The discovery that increasing HO activity could provide protection against preeclampsia formed the basis for the world’s first randomized controlled clinical trial on the use of statins in pregnancy, the StAmP (Statins to Ameliorate early onset Preeclampsia) Trial (see: Heart disease drugs could treat pregnant women; Heart drugs used in pre-eclampsia pregnancy trial). This trial is currently ongoing at Aston University, and based on our discoveries two additional international clinical trials have been initiated (details here and here).
Recently the Aston Vascular Research team has identified another diatomic molecule, hydrogen sulfide (H2S), as offering the potential to treat both preeclampsia and fetal growth restriction in pregnancy. The new findings have been published in Circulation. This work was recently highlighted as being a “groundbreaking study” by Circulation and within the mainstream media (Breakthrough in fight against pre-eclampsia). This is the first time two naturally-occurring small gaseous molecules (CO and H2S) have been shown to prevent the release of the culprit proteins (sFlt-1 and sEng) which are elevated in preeclampsia. More importantly, in this new work we have shown that it is possible to restore fetal growth and fix the vascular abnormalities (angiogenesis) in placenta by restoring hydrogen sulfide.
The group will continue to evaluate the effects of anti-angiogenic growth factors that may contribute to vascular based disorders, in particular preeclampsia, and develop therapeutic targets for these conditions. It is hoped that before the end of the decade Aston’s team may have a treatment for preeclampsia.
The Aston Vascular Team
Prof Asif Ahmed, Professor of Vascular Biology
Dr Shakil Ahmad, Senior Research Fellow
Dr Keqing Wang, Aston Academic Research Fellow
Dr Meng Cai, Research Fellow
- 2013 – Dysregulation of Hydrogen Sulfide Producing Enzyme Cystathionine γ-lyase Contributes to Maternal Hypertension and Placental Abnormalities in Preeclampsia (Circulation: 127(25):2514-2522)
- 2012 – The role of heterodimerization between VEGFR-1 and VEGFR-2 in the regulation of endothelial cell homeostasis (Nature Communications 24;3:972)
- 2012 – The elevation in circulating anti-angiogenic factors is independent of markers of neutrophil activation in preeclampsia (Angiogenesis 15(3):333-40)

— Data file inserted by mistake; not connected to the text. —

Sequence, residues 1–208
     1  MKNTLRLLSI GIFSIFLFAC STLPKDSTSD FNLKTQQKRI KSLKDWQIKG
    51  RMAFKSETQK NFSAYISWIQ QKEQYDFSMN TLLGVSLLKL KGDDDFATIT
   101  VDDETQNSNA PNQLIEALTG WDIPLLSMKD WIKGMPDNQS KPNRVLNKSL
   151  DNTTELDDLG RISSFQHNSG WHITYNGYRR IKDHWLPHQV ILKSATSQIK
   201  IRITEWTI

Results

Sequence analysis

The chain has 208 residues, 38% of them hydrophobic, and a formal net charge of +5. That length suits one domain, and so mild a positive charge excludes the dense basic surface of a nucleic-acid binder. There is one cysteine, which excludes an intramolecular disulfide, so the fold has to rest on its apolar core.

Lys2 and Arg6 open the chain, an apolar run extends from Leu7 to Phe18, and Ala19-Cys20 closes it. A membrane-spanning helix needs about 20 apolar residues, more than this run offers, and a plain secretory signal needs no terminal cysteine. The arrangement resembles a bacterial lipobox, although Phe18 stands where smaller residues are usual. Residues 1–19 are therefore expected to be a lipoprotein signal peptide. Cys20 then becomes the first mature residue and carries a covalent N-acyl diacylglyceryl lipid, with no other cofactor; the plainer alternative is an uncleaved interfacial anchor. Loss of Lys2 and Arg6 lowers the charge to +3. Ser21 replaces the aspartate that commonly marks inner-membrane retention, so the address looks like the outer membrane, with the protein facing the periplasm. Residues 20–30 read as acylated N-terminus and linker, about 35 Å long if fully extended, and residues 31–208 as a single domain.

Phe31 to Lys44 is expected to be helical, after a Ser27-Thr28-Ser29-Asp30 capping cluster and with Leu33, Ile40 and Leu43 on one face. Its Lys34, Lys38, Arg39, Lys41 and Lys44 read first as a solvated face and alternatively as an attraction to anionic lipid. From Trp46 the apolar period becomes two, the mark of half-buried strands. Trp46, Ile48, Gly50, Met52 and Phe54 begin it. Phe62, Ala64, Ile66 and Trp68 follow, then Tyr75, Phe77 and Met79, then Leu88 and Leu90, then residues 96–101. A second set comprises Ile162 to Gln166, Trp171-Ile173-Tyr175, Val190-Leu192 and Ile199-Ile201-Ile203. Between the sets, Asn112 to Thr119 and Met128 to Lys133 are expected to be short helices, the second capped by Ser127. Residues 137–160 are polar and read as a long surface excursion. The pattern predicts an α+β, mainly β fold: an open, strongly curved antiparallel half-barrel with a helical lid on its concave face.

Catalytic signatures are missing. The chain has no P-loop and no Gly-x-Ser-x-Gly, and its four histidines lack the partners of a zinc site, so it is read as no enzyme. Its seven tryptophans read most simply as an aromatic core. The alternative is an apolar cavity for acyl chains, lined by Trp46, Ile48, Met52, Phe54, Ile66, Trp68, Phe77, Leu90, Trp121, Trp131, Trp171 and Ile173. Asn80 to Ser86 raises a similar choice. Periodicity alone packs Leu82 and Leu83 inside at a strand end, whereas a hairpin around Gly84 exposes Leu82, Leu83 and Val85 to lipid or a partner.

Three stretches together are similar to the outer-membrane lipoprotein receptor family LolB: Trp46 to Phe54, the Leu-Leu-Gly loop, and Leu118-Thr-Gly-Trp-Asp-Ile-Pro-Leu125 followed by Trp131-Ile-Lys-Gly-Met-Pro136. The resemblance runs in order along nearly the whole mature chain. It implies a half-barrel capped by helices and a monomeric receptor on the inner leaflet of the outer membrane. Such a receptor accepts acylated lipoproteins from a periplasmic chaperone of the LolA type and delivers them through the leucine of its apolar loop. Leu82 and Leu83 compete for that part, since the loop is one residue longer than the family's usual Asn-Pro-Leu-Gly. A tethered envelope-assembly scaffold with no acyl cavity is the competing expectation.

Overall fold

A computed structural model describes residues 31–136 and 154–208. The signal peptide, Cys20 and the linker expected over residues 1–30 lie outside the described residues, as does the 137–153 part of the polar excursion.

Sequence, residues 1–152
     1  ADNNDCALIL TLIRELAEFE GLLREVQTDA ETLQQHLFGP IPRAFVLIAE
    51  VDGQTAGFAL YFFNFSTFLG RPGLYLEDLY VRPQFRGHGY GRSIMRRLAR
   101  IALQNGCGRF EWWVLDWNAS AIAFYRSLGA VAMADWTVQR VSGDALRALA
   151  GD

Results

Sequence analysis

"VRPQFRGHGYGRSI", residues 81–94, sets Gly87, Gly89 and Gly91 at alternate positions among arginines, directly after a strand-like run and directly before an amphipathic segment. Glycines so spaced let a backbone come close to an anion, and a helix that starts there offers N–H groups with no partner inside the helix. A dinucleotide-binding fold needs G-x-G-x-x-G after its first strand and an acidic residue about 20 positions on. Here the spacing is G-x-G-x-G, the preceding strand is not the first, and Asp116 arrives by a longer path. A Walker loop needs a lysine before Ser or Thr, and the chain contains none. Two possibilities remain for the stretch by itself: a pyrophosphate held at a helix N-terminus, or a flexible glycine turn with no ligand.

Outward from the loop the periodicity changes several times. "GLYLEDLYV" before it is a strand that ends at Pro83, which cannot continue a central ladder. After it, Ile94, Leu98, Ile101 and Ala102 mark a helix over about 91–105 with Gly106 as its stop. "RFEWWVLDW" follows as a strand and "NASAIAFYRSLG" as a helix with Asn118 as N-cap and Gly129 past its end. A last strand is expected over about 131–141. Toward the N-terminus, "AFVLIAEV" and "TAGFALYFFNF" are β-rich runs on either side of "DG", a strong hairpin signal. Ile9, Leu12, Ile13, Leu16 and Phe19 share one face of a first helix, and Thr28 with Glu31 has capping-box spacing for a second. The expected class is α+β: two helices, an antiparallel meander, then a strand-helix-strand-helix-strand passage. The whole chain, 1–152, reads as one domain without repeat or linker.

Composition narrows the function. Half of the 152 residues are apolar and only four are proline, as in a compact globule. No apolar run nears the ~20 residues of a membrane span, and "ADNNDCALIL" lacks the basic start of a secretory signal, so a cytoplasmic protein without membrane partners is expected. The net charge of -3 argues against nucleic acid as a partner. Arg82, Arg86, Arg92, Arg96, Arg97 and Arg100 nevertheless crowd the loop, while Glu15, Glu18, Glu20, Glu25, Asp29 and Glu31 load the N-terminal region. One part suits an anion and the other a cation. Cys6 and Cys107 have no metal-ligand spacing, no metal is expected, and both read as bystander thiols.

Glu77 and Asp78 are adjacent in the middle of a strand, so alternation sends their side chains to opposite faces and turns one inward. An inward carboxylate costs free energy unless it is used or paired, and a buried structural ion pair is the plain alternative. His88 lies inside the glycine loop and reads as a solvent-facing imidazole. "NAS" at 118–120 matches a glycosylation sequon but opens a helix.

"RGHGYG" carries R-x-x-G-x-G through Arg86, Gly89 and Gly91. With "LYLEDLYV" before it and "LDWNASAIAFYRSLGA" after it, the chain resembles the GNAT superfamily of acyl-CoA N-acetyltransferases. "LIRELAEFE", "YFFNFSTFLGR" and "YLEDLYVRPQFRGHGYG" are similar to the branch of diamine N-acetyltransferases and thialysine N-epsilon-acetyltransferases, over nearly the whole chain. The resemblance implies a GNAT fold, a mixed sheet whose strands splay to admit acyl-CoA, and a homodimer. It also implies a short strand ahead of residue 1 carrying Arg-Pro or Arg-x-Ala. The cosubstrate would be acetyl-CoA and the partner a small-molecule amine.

- 2012 – Resveratrol inhibits the release of soluble fms-like tyrosine kinase (sFlt-1) from human placenta (American Journal of Obstetrics and Gynecology 206(3):253)
- 2011 – Is inflammation the cause of pre-eclampsia? (Biochemical Society Transactions 39(6):1619-27)
- 2011 – Heparin elevates circulating soluble fms-like tyrosine kinase-1 immunoreactivity in pregnant women receiving anticoagulation therapy (Circulation 124(23):2543-53)
- 2011 – Multiple roles of angiopoietins in atherogenesis (Current Opinion in Lipidology 22(5):380-5)
- 2011 – Autocrine activity of soluble Flt-1 controls endothelial cell function and angiogenesis (Vascular Cell 3(1):15)
- 2011 – Flt1 acts as a negative regulator of tip cell formation and branching morphogenesis in the zebrafish embryo (Development 138(10):2111-20)
- 2011 – Placenta growth factor-1 exerts time-dependent stabilization of adherens junctions following VEGF-induced vascular permeability (PLoS One 6(3):e18076)
- 2011 – Loss of Akt activity increases circulating soluble endoglin release in preeclampsia: identification of inter-dependency between Akt-1 and heme oxygenase-1 (European Heart Journal 33(9):1150-8)
- 2011 – New insights into the etiology of preeclampsia: identification of key elusive factors for the vascular complications (Thrombosis Research 127 Suppl 3:S72-5)
- 2010 – Angiopoietin-1 induces migration of monocytes in a tie-2 and integrin-independent manner (Hypertension 56(3):477-83)
- 2010 – Fetal growth restriction results in remodeled and less efficient hearts in children (Circulation 121(22):2427-36)
- 2010 – Upregulation of urotensin II receptor in preeclampsia causes in vitro placental release of soluble vascular endothelial growth factor receptor 1 in hypoxia (Hypertension 56(1):172-8)
- 2010 – Activation of proteinase-activated receptor 2 stimulates soluble vascular endothelial growth factor receptor 1 release via epidermal growth factor receptor transactivation in endothelial cells (Hypertension 55(3):689-97)
- 2010 – Nitric oxide-dependent bone marrow progenitor mobilization by carbon monoxide enhances endothelial repair after vascular injury (Circulation 121(4):537-48)
- 2010 – Hepatitis C virus infection reduces hepatocellular polarity in a vascular endothelial growth factor-dependent manner (Gastroenterology 138(3):1134-42)
- 2009 – Can the biology of VEGF and haem oxygenases help solve pre-eclampsia? (Biochemical Society Transactions 37(Pt 6):1237-42)
- 2009 – Reduction of circulating soluble Flt-1 alleviates preeclampsia-like symptoms in a mouse model (Journal of Cellular and Molecular Medicine 14(6B):1857-67)